CSHL computational vision: day 4

Today was a little less intense than yesterday, mercifully.

Geoff Boynton

Geoff did a tutorial on signal detection theory and estimating psychophysical measures in Matlab. He emphasized that given the signal detection model, it is easy to find good estimates using Bayesian inference. Whenever the observer’s response is binary, you should use the binomial likelihood as opposed to least-squares (people still do that? unbelievable).

The framework of signal detection theory can be used to analyze a wide variety of experiments. He showed how, in a divided attention task, the accuracy of the observer can be increased when the location of the stimulus is cued despite no real decrease in the noise (equivalently, without an increase in the gain of the neural response).

The design of psychophysical experiments was briefly discussed, with an emphasis on the usefulness of 2AFC designs over yes/no. Geoff prefers the 3 down and 1 up staircase for estimating thresholds; it guarantees an observer performance of (1/2)^(1/3) in the long run, corresponding to 79% accuracy. He analyzed the 3 down/1 up procedure for a previous CSHL meeting and found that it’s practically as efficient as QUEST or PEST once you take into account lapses.

There was an interesting discussion of using a ratings scale rather than a yes/no scale and finding the thresholds and d’ through Maximum Likelihood. The likelihood is easy enough to compute:

p(y = k|s,t_k) = \phi (t_{k+1},\sigma^2) - \phi(t_k,\sigma^2)

Here the responses k can run from 1 to N and t is a vector whose first element is -\infty and the last is \infty.

Geoff pointed out that this doesn’t seem to have been done in the literature (not through ML anyway), so I’m currently running some simulations using MCMC to verify how well behaved the likelihood is and how much more efficiently parameters of interest may be estimated (looking good so far).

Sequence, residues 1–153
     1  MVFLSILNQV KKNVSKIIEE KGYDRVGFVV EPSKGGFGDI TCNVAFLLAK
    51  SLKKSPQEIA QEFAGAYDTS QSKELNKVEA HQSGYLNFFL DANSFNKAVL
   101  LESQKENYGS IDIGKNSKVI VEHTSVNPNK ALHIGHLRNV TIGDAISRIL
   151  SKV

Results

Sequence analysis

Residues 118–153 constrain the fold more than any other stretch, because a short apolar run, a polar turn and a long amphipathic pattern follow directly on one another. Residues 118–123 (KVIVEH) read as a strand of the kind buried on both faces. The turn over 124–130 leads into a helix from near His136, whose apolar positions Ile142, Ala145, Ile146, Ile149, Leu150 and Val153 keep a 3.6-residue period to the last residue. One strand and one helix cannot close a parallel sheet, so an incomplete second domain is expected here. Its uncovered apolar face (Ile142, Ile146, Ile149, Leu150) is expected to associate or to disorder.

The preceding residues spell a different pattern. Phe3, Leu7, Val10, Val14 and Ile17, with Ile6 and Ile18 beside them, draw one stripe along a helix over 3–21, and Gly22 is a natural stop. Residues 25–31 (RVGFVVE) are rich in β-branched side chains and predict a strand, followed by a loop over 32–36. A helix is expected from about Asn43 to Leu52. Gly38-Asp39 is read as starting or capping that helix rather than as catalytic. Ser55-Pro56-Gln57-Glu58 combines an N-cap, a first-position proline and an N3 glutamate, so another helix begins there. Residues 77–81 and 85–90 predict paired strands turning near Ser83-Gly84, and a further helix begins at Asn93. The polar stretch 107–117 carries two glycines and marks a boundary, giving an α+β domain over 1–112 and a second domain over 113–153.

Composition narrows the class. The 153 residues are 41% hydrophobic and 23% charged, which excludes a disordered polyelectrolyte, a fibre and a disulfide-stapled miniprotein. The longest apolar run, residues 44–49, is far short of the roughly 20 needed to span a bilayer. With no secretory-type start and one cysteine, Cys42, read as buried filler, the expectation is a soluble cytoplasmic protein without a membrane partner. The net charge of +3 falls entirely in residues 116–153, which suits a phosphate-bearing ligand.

Bill Geisler

Bill discussed natural image statistics and how to use this information both for machine learning-type applications and to verify whether observers behave optimally. He has written at length on his approach in a recent review, which you should read right now.

He showed several examples of this, which were really quite impressive. In the first, he used a seemingly toy example of estimating the luminance of a missing pixel based on neighbours. Using a model-free approach (creating a lookup table through binning), he showed how he could easily interpolate missing pixels using the 4 nearest neighbours along the horizontal and vertical axes. As it turns out, the optimal method is better than humans, but humans are better than, say, bilinear interpolation.

Applying this method in a real scene, he showed that he could beat state-of-the-art, computationally intensive methods in a superresolution task. Pretty amazing given that the method works through a freakin’ lookup table. They are apparently in the process of commercializing this technology and/or giving it away for free. See the last figure in their JOV paper (Geisler & Perry 2011), it rocks.

He then presented his PNAS paper (Burge & Geisler 2011) on defocus and a more recent effort which is quite similar, this time with binocular disparity. This latest one is in the process of being submitted.

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